• Sudden and excessive weight gain: Defined as 2+ pounds within a week. Prior to pregnancy, it is helpful to maintain a BMI of 30 or less, as obesity increases the risk of developing preeclampsia. Drinking an adequate amount of water is also important.
  • Sudden shortness of breath: May be indicative of fluid accumulating in the lungs.
As highlighted by Dr. Lu, these symptoms cannot be ignored because preeclampsia can quickly lead to life-threatening emergencies or even maternal death. The Preeclampsia Foundation noted that "by conservative estimates, these disorders are responsible for 76,000 maternal and 500,000 infant deaths each year."

What can be done pre-conception to decrease risk factors of preeclampsia? Adopt a healthy weight-management routine (if your BMI is above 30), reduce sodium intake, and know your typical blood pressure. 

Overall, the chapter made an excellent case for why it was so important to attend to several variables of maternal health prior to conception. Dr. Lu pointed out that many women don't see a doctor or even know they are pregnant until a few weeks after conception. At that point, the baby already has developed the beginnings of a cardiovascular system and the neural tube (which will later develop into the brain and spinal cord). 

Another important factor Dr. Lu briefly highlighted was epigenetics and maternal stress, and how this contributes to the overall long-term health of the fetus. For example, women who experienced influenza during pregnancy increased the risk three-fold that their baby would develop autism or schizophrenia later in life! 

Questions to reflect on in the comments:What did you think about Paula's decision to wait to have a c-section despite having serious symptoms of preeclampsia? Are there any pre-conception lifestyle changes you have thought about implementing to help prevent pre-eclampsia?

For myself, I have been trying for some time now to reduce sodium in my diet, but will be focusing more seriously on this goal as I get closer to TTC (trying to conceive). I also strongly agree with Dr. Lu's conclusions about the negative impacts of stress on the fetus; I'm working on mindfulness and other stress reduction techniques I hope to reflect on in future posts!

Want to join in the reading series but haven't purchased the book yet? Click the image of the cover below to purchase it! 

Simple Saturday Project: Burlap Love Letters

I have been searching for a simple wall hanging for our bedroom, but could not find just the right thing to hang above our bed. I ended up creating this easy Saturday project -- and thought I might turn it into a series on the blog! I'm going to call the series "Simple Saturday Project," posting easy 1-day craft projects. 

This project is as simple as can be, as long as you can paint light, thin coats of acrylic paint and manage a glue gun. It is also inexpensive. I purchased all of the supplies for less than $15! For this project you will need:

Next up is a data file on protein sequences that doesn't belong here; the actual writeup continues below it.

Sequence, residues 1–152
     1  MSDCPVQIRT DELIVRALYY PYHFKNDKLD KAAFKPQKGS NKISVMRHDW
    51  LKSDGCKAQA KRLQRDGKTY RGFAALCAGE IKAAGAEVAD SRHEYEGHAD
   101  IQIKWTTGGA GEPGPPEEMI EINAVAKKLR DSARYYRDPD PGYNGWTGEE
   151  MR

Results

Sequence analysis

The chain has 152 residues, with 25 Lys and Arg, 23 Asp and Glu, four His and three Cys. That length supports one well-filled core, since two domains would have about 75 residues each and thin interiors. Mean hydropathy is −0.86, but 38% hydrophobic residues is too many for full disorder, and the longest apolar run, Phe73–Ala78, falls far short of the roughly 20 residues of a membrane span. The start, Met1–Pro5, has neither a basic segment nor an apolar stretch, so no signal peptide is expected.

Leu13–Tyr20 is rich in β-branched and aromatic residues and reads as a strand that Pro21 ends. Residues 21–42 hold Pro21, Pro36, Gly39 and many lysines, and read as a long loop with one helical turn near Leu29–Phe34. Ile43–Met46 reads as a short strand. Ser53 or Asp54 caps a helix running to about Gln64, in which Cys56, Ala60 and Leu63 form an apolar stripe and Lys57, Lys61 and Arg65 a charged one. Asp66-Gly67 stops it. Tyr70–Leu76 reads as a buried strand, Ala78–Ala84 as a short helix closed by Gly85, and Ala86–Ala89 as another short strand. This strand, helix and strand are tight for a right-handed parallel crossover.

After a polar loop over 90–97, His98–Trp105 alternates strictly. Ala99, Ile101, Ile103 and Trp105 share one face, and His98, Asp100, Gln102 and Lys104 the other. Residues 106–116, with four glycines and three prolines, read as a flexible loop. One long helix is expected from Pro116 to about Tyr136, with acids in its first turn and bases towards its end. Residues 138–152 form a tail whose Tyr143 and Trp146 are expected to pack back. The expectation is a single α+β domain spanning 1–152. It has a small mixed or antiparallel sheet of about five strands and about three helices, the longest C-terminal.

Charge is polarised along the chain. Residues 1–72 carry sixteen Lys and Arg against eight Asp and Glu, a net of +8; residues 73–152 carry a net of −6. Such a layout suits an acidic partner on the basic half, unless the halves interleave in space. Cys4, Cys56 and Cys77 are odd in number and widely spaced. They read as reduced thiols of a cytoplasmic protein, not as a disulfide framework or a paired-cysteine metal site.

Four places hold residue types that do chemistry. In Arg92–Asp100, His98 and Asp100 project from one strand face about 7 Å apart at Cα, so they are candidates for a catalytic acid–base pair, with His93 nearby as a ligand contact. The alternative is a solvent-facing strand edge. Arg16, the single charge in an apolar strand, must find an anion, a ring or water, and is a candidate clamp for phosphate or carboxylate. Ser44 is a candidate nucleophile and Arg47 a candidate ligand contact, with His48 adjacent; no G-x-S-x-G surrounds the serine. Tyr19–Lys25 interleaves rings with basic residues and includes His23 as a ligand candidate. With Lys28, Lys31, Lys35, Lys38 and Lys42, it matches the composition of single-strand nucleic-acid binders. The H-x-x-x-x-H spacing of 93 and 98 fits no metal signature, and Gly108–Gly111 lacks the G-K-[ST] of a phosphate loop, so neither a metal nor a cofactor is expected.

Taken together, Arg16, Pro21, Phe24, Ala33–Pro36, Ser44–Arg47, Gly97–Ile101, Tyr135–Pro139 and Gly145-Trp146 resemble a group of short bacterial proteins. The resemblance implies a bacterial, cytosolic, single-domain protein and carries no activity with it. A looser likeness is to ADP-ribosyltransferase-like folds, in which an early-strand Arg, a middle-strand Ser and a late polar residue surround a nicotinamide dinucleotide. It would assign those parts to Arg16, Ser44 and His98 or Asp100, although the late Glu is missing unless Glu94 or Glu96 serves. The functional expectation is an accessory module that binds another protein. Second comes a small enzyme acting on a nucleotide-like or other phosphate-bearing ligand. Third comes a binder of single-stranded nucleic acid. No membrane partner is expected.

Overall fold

• 4 burlap canvases. I took a picture of them in the package so you can see what they look like (they come 2 in a pack):

  • Four wooden craft letters. I recommend purchasing the letters and canvas at the same time -- hold the letters up to the canvas to ensure the letters you're purchasing can be centered well on the canvas.
  • Acrylic paint and a small paint brush. I recommend a matte finish paint, as it does not show the brush strokes as prominently as a glossy finish. The small brush makes it much easier to paint the edges of the letters.
  • Glue gun and glue sticks. I have a "high" heat mini gun. 
Step 1: Paint the front and edges of all four letters. The wood does soak up a bit of paint and it is easy to forget the little edges and sides of the letters. Don't worry about painting the back of the letters -- that side will be firmly glued to the burlap. Let dry 20-30 minutes in between coats. Remember to use thin coats and watch for bubbles in the paint. A professional looking finish takes a little bit of patience but is preferable to one thick, gloppy coat. I also recommend purchasing a small paintbrush for this craft. The letters below were painted with a glossy paint and you can easily see the brush strokes. A matte finish dries a little better:

Step 2: After your letters have dried for about 2 hours (should no longer feel "tacky" to the touch), plug in your glue gun and prepare to place the letters on the canvas. Use several large dots of hot glue to firmly affix the letters. Also, once you've firmly pressed the letter into place, flip the canvas over and push on the letter from both sides. I didn't do this at first and the bond was much looser. If it fails to bond well, let the glue dry, peel off the glue, and try again. 

Step 3: Place the canvases together to make sure the positioning of all of the letters looks okay. I used the natural lines created by the wood behind the canvas to make sure the letters were centered properly. 

And that's it! Very simple project you can complete in just a few hours. I chose a pale yellow and gray color scheme because it matches our bedroom. Here is the finished product hanging on our wall.

Happy Saturday! We'd love to see this project if you make it -- 
please comment with a photo if you do!!

Monday, May 11, 2015